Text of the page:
We’re fortunate in Columbus to be so close to the Kentucky Bourbon Trail and its many stops. Last month we visited a couple distilleries before spending the weekend in Louisville with friends. And easily one of the highlights of the trip was the tour at Castle & Key Distillery outside Frankfort.
Beth had been to Castle & Key a few years ago, and she was excited to tour it all over again. The distillery and its grounds enjoy one of the richest histories in a region that’s full of great stories.
As you park across the street and walk over to the store, you’ll immediately notice the eclectic mix of buildings that sometimes border on ruins, the random sets of train tracks, and the richly landscaped grounds.
The grounds – including the bottle shop and store, and a small cocktail bar/snack shop – are open to public, but if you want the full experience it’s highly recommended that you book your tour ahead of time. The standard tour runs about one hour, and is offered multiple times a day Thursdays through Sundays.
Tours start just outside the main store. If you’re lucky, you’ll get Rich as your guide. He’s the perfect combination of expert historian and comedian, with an enthusiasm that sometimes borders on fiery Baptist preacher.
I won’t share the entire story of Castle & Key, but the short version is that it opened as Col. E. H. Taylor’s distillery in 1887. He built up the grounds to include dozens of buildings, creating a full experience for guests with gardens, parties, music, and more beautiful features. He even managed to extend the railroad from Frankfort to his distillery.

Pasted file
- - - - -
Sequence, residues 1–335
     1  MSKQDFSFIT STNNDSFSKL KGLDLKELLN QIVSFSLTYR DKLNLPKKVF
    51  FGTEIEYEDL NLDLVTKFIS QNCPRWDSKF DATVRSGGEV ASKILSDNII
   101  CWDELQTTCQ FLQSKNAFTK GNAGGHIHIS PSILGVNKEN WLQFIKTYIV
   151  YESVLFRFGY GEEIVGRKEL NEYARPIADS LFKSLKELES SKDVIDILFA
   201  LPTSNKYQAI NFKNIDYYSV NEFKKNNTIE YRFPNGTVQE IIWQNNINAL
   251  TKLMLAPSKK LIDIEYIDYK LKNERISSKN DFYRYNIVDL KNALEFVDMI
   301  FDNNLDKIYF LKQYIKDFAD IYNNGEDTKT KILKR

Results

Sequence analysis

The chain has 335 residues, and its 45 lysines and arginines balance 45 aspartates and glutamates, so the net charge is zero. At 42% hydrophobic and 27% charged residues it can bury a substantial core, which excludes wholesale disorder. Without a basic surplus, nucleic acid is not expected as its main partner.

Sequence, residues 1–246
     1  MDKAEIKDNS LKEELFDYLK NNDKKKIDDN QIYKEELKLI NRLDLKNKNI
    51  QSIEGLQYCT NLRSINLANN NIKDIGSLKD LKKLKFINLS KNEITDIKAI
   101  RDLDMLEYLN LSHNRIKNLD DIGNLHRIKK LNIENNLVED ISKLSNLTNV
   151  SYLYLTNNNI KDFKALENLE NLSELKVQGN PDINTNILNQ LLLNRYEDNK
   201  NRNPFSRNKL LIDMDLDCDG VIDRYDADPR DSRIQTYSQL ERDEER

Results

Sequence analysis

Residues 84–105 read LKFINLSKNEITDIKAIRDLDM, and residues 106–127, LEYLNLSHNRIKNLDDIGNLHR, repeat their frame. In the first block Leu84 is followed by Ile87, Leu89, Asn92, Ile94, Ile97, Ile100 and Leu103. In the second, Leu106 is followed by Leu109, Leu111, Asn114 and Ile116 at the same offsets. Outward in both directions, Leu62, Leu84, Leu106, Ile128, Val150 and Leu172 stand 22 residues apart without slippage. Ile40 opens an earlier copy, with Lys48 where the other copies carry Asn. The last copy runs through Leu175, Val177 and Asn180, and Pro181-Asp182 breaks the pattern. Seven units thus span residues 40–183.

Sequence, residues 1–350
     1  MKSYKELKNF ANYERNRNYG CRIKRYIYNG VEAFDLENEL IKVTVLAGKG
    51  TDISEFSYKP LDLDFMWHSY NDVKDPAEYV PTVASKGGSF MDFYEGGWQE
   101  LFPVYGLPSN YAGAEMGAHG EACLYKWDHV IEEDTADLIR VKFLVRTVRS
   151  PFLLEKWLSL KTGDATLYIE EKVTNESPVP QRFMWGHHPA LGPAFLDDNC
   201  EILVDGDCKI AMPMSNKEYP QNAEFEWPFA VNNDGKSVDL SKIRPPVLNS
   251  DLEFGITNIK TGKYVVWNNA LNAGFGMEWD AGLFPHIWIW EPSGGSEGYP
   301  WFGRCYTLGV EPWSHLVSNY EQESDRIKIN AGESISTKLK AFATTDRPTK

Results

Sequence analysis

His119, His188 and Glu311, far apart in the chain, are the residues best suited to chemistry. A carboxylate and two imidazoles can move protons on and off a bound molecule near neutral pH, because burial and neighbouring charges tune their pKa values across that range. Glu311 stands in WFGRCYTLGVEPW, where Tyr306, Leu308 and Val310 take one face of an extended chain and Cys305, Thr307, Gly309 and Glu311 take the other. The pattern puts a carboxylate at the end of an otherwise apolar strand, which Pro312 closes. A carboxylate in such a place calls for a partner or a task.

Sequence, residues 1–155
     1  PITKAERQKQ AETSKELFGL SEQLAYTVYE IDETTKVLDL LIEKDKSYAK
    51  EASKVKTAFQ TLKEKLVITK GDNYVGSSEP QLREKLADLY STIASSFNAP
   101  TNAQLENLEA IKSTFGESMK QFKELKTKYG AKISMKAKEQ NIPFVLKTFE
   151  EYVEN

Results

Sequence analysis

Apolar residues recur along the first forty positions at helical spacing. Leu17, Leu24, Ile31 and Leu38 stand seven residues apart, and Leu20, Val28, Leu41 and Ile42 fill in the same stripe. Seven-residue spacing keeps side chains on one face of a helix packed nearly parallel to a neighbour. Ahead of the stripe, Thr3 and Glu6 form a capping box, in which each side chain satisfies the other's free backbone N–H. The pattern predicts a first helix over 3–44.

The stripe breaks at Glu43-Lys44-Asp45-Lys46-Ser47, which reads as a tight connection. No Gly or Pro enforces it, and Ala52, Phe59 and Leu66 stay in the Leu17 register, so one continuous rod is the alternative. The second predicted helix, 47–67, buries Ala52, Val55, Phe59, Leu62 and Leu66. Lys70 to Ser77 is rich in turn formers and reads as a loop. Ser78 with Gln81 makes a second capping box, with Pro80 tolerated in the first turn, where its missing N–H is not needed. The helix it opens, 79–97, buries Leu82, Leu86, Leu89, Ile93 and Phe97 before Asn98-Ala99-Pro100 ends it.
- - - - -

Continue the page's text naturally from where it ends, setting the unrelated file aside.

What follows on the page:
Eventually the distillery changed hands before becoming National Distillers, weathering Prohibition, and falling into ruin. It was eventually abandoned in 1972 and salvaged for scrap over the next 40 years, before a new pair of owners recognized its value and in 2012 purchased the 113-acre site and its 27 buildings for $950,000.
They set about the slow process of restoring the buildings one-by-one, uncovering Col. Taylor’s gardens and other infrastructure, re-establishing a working distillery, and hiring Kentucky’s first female master distiller, Marianne Eaves (who has since moved on).
You’ll need to book a tour to get the full story, but here are some photo highlights!
The tour ends in a speakeasy, where your guide will take you through a tasting. We sampled their Restoration Rye, a gin and tonic using their Harvest Gin, and a gin mule.
Be sure to carve out some time to explore the gift shop in the former boiler room.
The former Taylorton Station, their arrival point for the trains from Frankfort, is now a snack bar and cocktail shop.
You can grab an adult beverage, coffee, snacks, and more. If the weather’s nice, you can find places to sit or stroll on the grounds. It’s the perfect stop to end the tour!
To book a tour at Castle & Key, visit here: castleandkey.com/visit-the-distillery/experience-calendar